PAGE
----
Botanists collaborate to secure future of rare Tasmanian plant
The Royal Tasmanian Botanical Gardens is working towards securing the future of a rare and ancient Tasmanian native plant discovered by legendary tin miner and naturalist Deny King.
The project involves a collaborative effort by botanists and staff from the RTBG, DPIPWE's Threatened Species Section and the Plant Science Department of the University of Tasmania.
Lomatia tasmanica, commonly known as King's Lomatia, is critically endangered with less than 500 plants growing in the wild in a tiny pocket of Tasmania's isolated south west.
The RTBG has been propagating the plant from cuttings since 1994 and efforts over the past four years have introduced the species into tissue culture at the UTAS Department of Plant Science.
Lomatia tasmanica has proven to be a difficult customer to grow away from its wild home but the RTBG has nearly reached its goal to produce a conservation collection of 50 plants.
RTBG horticulturist botanist Natalie Tapson said that unlike many plants which reproduce from seed, King's Lomatia is a sterile clone which reproduces new plants by suckering in the wild.
"Fossil leaves of the plant found in the south west were dated at 43,600 years old and given that the species is a clone, it is possibly the oldest living plant in the world," Natalie said.
While Deny King first found the species growing in 1934, it was only formally described by renowned Tasmanian Herbarium botanist the late Dr Winifred Curtis in 1967, two years after the King family collected a flower from the wild.
Natalie said King's Lomatia grows as a shrub or small tree up to eight metres in height.
"It has broad leathery divided leaves and after about seven years produces clusters of waxy burgundy flowers at the ends of the branches," she said.
"There are 46 examples of the shrub in the RTBG's conservation collection of 130 threatened species. They are multi-branched due to repeated cutting for propagation material and usually flower in December."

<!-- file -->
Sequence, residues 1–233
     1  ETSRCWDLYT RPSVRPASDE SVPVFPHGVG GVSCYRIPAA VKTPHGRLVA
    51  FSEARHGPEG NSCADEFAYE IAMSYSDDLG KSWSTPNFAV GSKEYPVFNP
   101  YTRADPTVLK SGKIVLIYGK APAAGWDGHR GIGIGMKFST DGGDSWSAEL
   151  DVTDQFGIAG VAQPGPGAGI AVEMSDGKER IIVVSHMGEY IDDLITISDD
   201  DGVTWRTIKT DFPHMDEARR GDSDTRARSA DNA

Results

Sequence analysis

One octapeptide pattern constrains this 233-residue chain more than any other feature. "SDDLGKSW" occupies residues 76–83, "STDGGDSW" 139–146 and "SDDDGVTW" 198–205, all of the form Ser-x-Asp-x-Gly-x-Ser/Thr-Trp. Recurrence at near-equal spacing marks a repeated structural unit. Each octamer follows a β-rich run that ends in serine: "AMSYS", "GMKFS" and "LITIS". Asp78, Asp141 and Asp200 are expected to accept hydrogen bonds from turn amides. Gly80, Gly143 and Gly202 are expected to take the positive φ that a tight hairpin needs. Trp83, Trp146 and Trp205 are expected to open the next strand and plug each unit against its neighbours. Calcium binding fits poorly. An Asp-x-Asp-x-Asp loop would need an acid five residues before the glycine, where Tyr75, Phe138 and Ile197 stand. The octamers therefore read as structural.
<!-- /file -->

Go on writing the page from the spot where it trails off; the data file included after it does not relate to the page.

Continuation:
The challenge to propagate the plant and secure an ex-situ conservation collection has created huge interest in botanical circles.
It is believed climate change already has led to the decline of King's Lomatia in the wild and humidity and moisture variants in a controlled environment have affected propagation.
It is susceptible to repeated wildfire and Phytophthora (root rot) and it resents root disturbance. Major losses have occurred when potting up and transferring from pot to garden bed.
Only specimens that have been grafted on to the rootstock of another Tasmanian species, Lomatia tinctoria, have survived in the ground.
"It is a difficult plant to propagate and we have had many losses," Natalie said.
"As the species is a clone, it is an ideal candidate for proliferation in tissue culture propagation. One advantage is that large numbers of plants can be produced from small amounts of material once a species has been successfully established in vitro."
Natalie said more work needs to be done on the high incidence of "blackening" and mortality after stems are cut for tissue culture.
This work will continue but shortage of material is a problem and trials can only be carried out once a year. This has generally been done in August when the stems on the RTBG plants are relatively soft and before flowering occurs.
"The survival of explants in vitro has been increased from a few days to over eight months and research will continue with this difficult clone in the hope of mass producing it to help secure its survival into the future," Natalie said.
The rare King's Lomatia produces burgundy flowers
The RTBG has nearly reached its goal to produce a conservation collection of 50 King's Lomatia plants
King's Lomatia is an ideal candidate for proliferation in tissue culture propagation "in vitro".